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Let $F,H:\mathbb{C}\to\mathbb{C}$ be entire functions of mean exponential type and of completely regular growth. Assume further that the indicator diagrams $I_F$ and $I_H$ are on the imaginary axis and separated, e.g., $I_F=\imath[a,b]$ and $I_H=\imath[b+1,c]$.

Question: Does $F+H \in L^2(\mathbb{R})$ imply $F\in L^2(\mathbb{R} )$?

In other words, can $F$ and $H$ interfere on $\mathbb{R}$ in a way that $F+H\in L^2(\mathbb{R}^2)$ without $F$ or $H$ being $L^2(\mathbb{R})$?

Discussion: Motivation behind this question comes from real analysis. If we assume in addition that $F,H$ are polynomially bounded on $\mathbb{R}$ then they are Fourier transforms of compactly supported distributions $u_F,u_H$ on $\mathbb{R}$, and $\mathrm{supp}\,u_F=\imath I_F$, $\mathrm{supp}\,u_H=\imath I_H$ (Paley-Wiener, Plancherel-Polya). Qualitatively, the behaviour at infinity of $F$ and $H$ reflect the local regularity of $u_F$ and $u_H$. If $F+ H\in L^2(\mathbb{R})$ then $u_F+u_L\in L^2(\mathbb{R})$, i.e., the sum of the two distributions is locally integrable. However, since $\mathrm{supp}\,u_F\cap\mathrm{supp}\,u_H=\emptyset$, adding $u_H$ to $u_F$ cannot change the local regularity of $u_F$, and we expect $u_F$ to be locally integrable as well, which entails $F\in L^2(\mathbb{R})$. In the above question we do not assume that $F$ and $H$ are polynomially bounded on $\mathbb{R}$, but we let $I_F$ and $I_H$ be at a positive distance. In this case $F$ and $H$ can be thought of as Fourier transforms of analytical functionals, but the latter objects do not have the notion of compact support, and the analogy doesn't work.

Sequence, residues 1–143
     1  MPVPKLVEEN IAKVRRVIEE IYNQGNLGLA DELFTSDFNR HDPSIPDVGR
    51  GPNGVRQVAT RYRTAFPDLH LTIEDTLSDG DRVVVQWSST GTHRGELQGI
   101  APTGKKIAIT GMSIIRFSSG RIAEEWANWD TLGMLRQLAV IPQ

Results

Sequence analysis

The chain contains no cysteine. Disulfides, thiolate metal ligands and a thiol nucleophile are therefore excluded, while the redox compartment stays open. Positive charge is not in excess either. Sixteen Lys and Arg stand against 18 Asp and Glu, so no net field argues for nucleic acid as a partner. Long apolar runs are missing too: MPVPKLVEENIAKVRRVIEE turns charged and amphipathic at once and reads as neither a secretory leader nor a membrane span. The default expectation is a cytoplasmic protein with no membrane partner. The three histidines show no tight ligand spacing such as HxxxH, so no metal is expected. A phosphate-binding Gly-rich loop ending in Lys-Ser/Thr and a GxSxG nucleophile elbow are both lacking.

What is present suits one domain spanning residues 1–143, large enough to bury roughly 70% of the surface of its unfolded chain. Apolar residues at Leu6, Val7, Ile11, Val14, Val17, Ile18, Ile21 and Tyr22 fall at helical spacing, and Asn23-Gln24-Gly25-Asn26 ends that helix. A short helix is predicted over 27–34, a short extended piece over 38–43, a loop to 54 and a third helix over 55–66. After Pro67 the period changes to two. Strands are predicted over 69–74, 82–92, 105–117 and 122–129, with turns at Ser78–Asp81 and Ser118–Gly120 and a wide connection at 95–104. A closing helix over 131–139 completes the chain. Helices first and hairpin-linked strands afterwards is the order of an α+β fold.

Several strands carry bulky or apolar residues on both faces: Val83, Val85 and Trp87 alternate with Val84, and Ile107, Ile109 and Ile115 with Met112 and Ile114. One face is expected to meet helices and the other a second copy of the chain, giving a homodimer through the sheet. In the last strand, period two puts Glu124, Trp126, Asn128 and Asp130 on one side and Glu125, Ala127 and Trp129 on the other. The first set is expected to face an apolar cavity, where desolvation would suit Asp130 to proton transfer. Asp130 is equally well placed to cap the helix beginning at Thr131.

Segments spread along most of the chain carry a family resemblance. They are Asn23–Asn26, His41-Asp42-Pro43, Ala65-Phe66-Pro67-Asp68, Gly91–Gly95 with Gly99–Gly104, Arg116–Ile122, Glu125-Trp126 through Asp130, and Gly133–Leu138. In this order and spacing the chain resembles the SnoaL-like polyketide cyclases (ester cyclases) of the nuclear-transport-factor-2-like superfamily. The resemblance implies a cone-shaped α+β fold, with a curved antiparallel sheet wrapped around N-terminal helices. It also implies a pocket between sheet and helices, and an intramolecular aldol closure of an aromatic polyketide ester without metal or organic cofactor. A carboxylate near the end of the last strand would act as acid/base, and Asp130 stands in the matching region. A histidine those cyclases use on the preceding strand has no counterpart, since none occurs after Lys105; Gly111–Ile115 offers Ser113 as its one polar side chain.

Thank you.

Edit: For an entire function $F$ of mean exponential type, the indicator function can be defined as $$ h_F(\theta)=\limsup_{r\to\infty}\frac{\log|f(re^{\imath\theta})|}{r} $$ and indicates the rate of growth in direction $\theta$. It can be shown that there exists a compact convex set $I_T\subset\mathbb{C}$ (called the indicator diagram of $F$) such that $h_F$ is exactly the support function of $I_F$, $$ h_F(\theta)=\sup_{z\in I_F}\mathrm{Re}\left[ze^{-\imath\theta}\right]. $$ Intuitively, the thickness of the projection of the set $I_F$ on the ray $\theta$ shows the rate of growth of $F$ along that ray.

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    $\begingroup$ It would be helpful to recall what an "indicator diagram" is... even if you are anticipating that "experts in entire functions" would know this... $\endgroup$ – paul garrett Oct 4 '19 at 23:46
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The proof that you indicated for polynomially bounded case can be extended almost literally to the general case, if you use the correct generalization of Fourier-Laplace transform.

Indeed, suppose that $F+G\in L^2(R)$. Then by the Paley-Wiener, this sum is a Fourier transform of some $L^2$ function, say $h$ supported on $[a,c]$ since the indicator diagram of $F+G$ belongs to $[a,c]$. On the other hand, $F+G$ is the Borel transform of an analytic function in $C\cup\{\infty\}\backslash([a,b]\cup[b+1,c])$. By the uniqueness theorem of the Borel transform, this analytic function "coincides" with $g$ in the sense of hyperfunctions. It follows that both $F$ and $G$ are in $L^2$.

Ref. MR1026013 Kaneko, A. Introduction to hyperfunctions. Kluwer, Dordrecht, 1988.

On my opinion, this is the best introduction for beginners. Two other good books (more advanced) are

Mitsuo Morimoto, An introduction to Sato's hyperfunctions. AMS, Providence, RI, 1993. and

L. Hormander, Analysis of linear differential operators with partial derivatives, volume I, chapter 9.

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  • $\begingroup$ Thank you for the answer and for the reference. I will read on hyperfunctions to understand the arguments. $\endgroup$ – Bedovlat Oct 5 '19 at 1:03
  • $\begingroup$ Excellent and very eye-opening (at least for me) answer. And a wonderful reference, which, unlike many other expositions of hyperfunctions, does not torment the innocent analyst with homological algebra. Thank you! $\endgroup$ – Bedovlat Oct 11 '19 at 2:47

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